Children live here.

Welcome back and I hope you are as excited as I am to build an urban primer for the anklebiters. Moving on from last week, I’d like to introduce you to The Big Orange Splot by Daniel Manus Pinkwater. Published in the sundrenched colours of 1977, it is about a Mr Plumbean who lived on a nondescript street of similar houses. One day, he is persuaded to paint his house due to a what I’d like to call an artistic clumsy seagull. A kaleidoscope of colours along with the installation of palm trees, baobabs and a hammock, his house glares individuality in amongst the ‘neat street.’ This stamp of individuality ignites a series of visits from his neighbours who try to persuade him to return his house to normalcy. However, after sipping lemonade with Mr Plumbean, each neighbour in turn is inspired to decorate their own house. What once started as a quiet neat street of houses transformed into a street reflecting individual sentiments of home.  “Our street is us and we are it. Our street is where we like to be, and it looks like all our dreams.”

Whilst most readers have reviewed this book against the narrative of creativity, individuality, dreams, I took the narrative to be a backlash against cookie-cutter planned development as well as a tribute to social connection. Actually, I chuckled when I came across it as it reminded me of my husband’s thesis about “the pink house.” Through a case study, my husband delved into the world of covenants, restrictions and conditions. He found a family who painted their house pink. The house was not part of a home owner’s association but rather a voluntary neighbourhood association. The neighbourhood association members, however, decided that they didn’t like the colour and banded together to buy and paint the house a different colour. I can’t help but wonder if the residents were each given a copy of The Big Orange Splot might the outcome be different. How have we gotten to a point where a nondescript street is a ‘neat street’?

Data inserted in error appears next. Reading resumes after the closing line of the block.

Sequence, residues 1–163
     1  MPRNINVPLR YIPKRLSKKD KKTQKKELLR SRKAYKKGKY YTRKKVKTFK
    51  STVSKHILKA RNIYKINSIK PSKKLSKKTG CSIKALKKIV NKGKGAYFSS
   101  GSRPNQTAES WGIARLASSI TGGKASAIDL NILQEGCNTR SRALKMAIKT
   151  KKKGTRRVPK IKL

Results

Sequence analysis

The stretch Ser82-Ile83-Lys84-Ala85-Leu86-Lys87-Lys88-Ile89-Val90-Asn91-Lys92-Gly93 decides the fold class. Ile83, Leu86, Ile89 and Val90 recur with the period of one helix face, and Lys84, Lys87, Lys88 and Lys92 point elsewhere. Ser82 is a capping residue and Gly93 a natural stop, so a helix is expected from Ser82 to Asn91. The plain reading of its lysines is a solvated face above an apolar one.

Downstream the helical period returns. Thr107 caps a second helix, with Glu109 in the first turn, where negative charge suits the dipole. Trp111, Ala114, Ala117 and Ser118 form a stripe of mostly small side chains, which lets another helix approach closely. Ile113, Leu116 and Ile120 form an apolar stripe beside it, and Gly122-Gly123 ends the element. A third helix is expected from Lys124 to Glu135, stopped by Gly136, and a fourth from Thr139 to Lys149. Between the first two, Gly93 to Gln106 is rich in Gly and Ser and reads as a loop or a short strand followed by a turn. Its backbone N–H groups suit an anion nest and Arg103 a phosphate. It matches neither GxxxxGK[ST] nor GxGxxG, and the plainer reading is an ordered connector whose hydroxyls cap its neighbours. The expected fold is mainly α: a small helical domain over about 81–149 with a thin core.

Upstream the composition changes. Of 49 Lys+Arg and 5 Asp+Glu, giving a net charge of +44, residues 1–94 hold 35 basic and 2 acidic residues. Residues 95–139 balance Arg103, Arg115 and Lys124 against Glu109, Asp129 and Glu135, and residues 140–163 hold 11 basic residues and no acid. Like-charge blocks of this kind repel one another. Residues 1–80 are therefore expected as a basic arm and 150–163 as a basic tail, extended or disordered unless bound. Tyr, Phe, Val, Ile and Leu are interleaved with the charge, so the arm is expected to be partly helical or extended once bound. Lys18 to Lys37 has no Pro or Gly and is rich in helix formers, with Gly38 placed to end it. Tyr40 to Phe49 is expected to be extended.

For me, a house with character whether it be paint flourishes or a jungle of plants signifies that SOMEBODY lives there. What colour would your house be? If my anklebitter had his way, it would be of orange dinosaurs yelling ROAR at yellow diggers manned by blue spotted penguins. Our house would say children live here.


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Vivian Romero

I want to activate the urban imagined: stimulating, healthy and sustainable spaces for all (especially the young and young at heart).

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